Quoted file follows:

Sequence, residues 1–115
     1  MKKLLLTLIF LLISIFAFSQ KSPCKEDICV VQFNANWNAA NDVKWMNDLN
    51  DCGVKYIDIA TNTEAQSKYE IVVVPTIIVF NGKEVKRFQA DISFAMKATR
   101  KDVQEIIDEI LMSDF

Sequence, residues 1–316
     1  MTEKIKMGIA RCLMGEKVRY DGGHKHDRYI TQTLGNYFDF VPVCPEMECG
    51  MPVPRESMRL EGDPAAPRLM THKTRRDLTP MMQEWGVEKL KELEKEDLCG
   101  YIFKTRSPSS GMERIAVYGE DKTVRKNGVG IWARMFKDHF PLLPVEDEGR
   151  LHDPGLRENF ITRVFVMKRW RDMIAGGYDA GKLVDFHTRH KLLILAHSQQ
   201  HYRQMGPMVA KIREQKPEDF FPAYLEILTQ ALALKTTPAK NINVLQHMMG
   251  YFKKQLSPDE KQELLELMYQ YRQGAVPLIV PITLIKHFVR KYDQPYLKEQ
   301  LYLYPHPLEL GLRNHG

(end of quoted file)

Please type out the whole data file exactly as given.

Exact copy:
Sequence, residues 1–115
     1  MKKLLLTLIF LLISIFAFSQ KSPCKEDICV VQFNANWNAA NDVKWMNDLN
    51  DCGVKYIDIA TNTEAQSKYE IVVVPTIIVF NGKEVKRFQA DISFAMKATR
   101  KDVQEIIDEI LMSDF

Sequence, residues 1–316
     1  MTEKIKMGIA RCLMGEKVRY DGGHKHDRYI TQTLGNYFDF VPVCPEMECG
    51  MPVPRESMRL EGDPAAPRLM THKTRRDLTP MMQEWGVEKL KELEKEDLCG
   101  YIFKTRSPSS GMERIAVYGE DKTVRKNGVG IWARMFKDHF PLLPVEDEGR
   151  LHDPGLRENF ITRVFVMKRW RDMIAGGYDA GKLVDFHTRH KLLILAHSQQ
   201  HYRQMGPMVA KIREQKPEDF FPAYLEILTQ ALALKTTPAK NINVLQHMMG
   251  YFKKQLSPDE KQELLELMYQ YRQGAVPLIV PITLIKHFVR KYDQPYLKEQ
   301  LYLYPHPLEL GLRNHG